Saturday, December 5, 2009


On my to do list, I managed to leave off buying an ISBN. It was on my mental to do list but somehow slipped off the typed version. A big thank you to Mary of The Woo Woo Journal Teacup Journal for reminding me of that little oversight. Mary thank you also for your fantastic comment on my last post. Advice like register your business name before you set about organising your ISBN should be straight forward, but is in reality easily overlooked.

Mary’s blog has a great deal of information on self publishing. It is well worth checking out on that basis alone. Mary does not limit herself to that single topic but posts on a wide range of interesting subjects.

One thing I have begun while I wait on little delights like business name registration, is working on layout. The joys of consistent formatting beckon.

As part of this process I have been looking at how to lay out my chapter headings. I like crisp and simple.

For example this is from Beevor’s D-Day.
I’m not sure about this style though. I don’t think the italics quite work and there seems to be too much blank space between the heading and the first paragraph.

Paula Simons, The Girl in Times Square
I think the simple use of a larger version of the text font works. Also there is less stark white.

Kate Grenville has gone for the super simple in The Idea of Perfection. Just the chapter number. I quite like this but need chapter titles as well.

So maybe a mix.
Chosen at random the top of page 10 of Veiled in Shadows.

Now because this has been such dry colourless post.
It's Summer and many of the Eucalyptus trees are flowering, this one is a pink or red flowering gum probably Corymbia ficifolia.


Christy Pinheiro, EA ABA said...

I just formatted a book for an author-friend and she spent some time fretting over the chapter headings, too. I just ended up doing something simple and she was happy. I miss the smell of Eucalyptus. The trees used to grow all along the coast near my house. The smell was so wonderful.

Kathleen Jones said...

I'm glad you've decided to self-publish Al. the state of publishing at the moment is so dire, we're all going to be doing that shortly! I wish you lots and lots of luck. Just two things - make sure there's lots of white space on your pages to make them easy to read. Self-published books are very easy to spot because usually too much text is crammed up and the margins are too small (prof publishers use book designers for their page layouts). Second thing - targeted marketing. Suss out who is likely to buy your book and target those magazines, web-sites, book suppliers etc that are used by them. Persuade people to review it where it will be seen. It's the most cost effective way to reach your audience.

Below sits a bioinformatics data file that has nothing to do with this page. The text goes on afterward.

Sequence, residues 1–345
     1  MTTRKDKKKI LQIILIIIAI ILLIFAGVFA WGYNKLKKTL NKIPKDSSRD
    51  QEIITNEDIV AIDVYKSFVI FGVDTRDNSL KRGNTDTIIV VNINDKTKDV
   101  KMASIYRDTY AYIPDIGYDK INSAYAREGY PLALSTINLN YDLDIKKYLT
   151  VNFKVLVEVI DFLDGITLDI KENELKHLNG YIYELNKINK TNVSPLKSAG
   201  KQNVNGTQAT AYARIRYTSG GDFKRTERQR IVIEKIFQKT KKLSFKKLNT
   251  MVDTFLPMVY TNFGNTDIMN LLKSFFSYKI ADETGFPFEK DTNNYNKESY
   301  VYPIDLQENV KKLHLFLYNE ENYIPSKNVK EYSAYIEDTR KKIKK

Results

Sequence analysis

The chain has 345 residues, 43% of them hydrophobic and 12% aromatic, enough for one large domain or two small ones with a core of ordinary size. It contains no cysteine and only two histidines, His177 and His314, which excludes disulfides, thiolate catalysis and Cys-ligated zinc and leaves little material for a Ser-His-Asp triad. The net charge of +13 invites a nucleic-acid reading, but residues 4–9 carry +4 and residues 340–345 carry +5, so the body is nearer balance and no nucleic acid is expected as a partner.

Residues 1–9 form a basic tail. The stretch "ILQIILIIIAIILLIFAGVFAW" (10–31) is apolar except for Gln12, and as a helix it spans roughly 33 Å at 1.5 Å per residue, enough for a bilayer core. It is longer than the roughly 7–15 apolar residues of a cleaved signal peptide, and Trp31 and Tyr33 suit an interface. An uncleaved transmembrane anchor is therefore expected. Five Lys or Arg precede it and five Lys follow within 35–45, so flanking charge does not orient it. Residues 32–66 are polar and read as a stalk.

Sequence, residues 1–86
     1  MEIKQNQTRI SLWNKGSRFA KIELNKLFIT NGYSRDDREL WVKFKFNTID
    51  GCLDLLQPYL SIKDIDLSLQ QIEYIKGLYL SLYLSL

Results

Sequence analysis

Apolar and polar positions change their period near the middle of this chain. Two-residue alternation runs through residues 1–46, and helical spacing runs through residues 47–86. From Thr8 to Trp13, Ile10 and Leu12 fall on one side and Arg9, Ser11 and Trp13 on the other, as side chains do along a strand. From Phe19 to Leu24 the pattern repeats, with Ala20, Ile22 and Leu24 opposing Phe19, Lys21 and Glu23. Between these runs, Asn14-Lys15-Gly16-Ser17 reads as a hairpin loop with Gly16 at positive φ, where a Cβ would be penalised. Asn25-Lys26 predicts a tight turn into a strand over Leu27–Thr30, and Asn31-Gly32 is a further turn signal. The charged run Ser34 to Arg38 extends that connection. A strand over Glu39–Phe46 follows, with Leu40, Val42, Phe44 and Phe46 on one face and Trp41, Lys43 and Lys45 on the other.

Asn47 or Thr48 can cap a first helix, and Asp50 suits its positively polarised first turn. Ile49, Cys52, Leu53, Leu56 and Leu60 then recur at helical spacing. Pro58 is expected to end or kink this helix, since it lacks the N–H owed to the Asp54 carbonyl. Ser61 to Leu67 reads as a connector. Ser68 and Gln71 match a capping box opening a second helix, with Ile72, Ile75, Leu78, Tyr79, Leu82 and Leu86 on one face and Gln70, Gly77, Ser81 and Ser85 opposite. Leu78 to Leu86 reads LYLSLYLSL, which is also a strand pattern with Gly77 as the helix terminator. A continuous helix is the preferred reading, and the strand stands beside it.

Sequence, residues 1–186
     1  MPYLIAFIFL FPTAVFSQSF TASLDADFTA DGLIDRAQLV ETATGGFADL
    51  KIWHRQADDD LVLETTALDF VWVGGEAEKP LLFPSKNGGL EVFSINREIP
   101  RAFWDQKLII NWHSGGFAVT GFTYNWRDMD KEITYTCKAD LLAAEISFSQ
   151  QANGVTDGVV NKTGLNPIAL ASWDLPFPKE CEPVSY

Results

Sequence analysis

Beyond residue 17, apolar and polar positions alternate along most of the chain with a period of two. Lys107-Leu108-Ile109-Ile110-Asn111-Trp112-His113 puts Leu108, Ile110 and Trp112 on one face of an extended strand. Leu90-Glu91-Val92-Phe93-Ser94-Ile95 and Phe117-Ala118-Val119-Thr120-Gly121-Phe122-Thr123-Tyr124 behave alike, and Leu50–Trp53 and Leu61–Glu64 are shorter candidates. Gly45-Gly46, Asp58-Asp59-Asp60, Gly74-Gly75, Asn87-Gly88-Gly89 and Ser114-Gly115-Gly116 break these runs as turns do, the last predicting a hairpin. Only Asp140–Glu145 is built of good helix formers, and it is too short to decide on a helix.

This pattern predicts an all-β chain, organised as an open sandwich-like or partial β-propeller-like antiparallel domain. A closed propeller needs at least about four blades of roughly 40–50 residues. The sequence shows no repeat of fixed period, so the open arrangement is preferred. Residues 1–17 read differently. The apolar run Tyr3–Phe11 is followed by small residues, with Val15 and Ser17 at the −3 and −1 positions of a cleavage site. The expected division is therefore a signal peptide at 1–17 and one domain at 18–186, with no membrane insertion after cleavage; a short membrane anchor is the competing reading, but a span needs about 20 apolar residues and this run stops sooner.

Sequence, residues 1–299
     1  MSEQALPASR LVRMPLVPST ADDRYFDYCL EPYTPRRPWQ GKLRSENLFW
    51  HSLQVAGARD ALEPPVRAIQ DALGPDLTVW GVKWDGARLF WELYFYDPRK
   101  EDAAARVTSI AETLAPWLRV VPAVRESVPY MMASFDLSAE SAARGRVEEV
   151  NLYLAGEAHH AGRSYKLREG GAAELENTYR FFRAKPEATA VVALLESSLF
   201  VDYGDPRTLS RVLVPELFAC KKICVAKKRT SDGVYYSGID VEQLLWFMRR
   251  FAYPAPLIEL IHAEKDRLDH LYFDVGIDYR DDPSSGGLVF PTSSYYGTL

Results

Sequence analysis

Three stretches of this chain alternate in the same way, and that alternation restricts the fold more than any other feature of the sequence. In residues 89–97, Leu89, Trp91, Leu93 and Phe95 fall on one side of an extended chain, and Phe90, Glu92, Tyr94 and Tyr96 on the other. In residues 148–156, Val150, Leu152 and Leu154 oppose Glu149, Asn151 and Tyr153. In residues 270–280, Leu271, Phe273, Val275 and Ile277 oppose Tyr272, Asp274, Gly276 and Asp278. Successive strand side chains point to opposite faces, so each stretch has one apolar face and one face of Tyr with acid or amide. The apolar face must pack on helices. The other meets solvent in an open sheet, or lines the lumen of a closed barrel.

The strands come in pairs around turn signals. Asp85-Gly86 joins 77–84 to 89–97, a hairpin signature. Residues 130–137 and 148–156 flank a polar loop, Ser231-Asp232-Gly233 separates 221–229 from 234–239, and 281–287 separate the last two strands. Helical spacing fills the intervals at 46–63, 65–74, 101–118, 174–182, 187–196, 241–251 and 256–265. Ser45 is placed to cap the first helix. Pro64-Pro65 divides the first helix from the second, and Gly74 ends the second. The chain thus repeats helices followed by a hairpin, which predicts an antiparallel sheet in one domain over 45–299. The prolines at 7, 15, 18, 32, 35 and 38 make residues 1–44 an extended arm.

good luck!!

Al said...

Hi Christy,
Simple seem to be the best when it comes to layout doesn't it.
Nothing beats the smell of the bush in warm weather. And of course you have a lot of Aussie transplants there in California. Mostly Sydney Blue Gums I think. The ficifolia is native to a small patch in WA but it is widely planted as an ornamental, its a smallish tree and the flowers just gorgeous.

Al said...

Hi Kathleen,
It is starting to feel like it won't happen unless I do it my self.
Thanks for your advice I really appreciate it!
I have read a bit about layout before and it always seems that the best trick is to look at what is published as a guide to best practice.
The marketing is the bit that seems to be the trick. I suspect you are definitely right reviews are the way to go. The hard part with getting them is getting past the self-publishing stigma. Still I can be a persistent bastard when it is called for :)

heidenkind said...

Babbling About Books and More has an entire week dedicated to self-publishing this week. Today there was a post by a self-pubbed author about how she got into it. You should check it out.

Anonymous said...

Thanks for the kind words and the shout-out, Al. Glad to be of assistance with self-publishing. Lots of little quirky things to figure out, but taken one at a time, all are managable.

I often look to other books for layout ideas. Kathleen is right about the white space. It gives the eyes a chance to rest. If you can find some older books to examine (late 1800s, early 1900s), you can see how layout has changed. One of my favorite old-fashioned layout techniques is to change the header of each page based on the specific subject of the page. I used this technique when I did the layout for a local history book. An absolute hoot to figure out creative headings for each page.

If you have any questions, send me a comment & I'll be happy to help. Good luck!

Al said...

Hi Tasha,
Thank you very much. A most useful link.

Al said...

Hi Mary,
You are most welcome.
Thank you for the advice, you've been there, done that. So I rally appreciate you taking the time.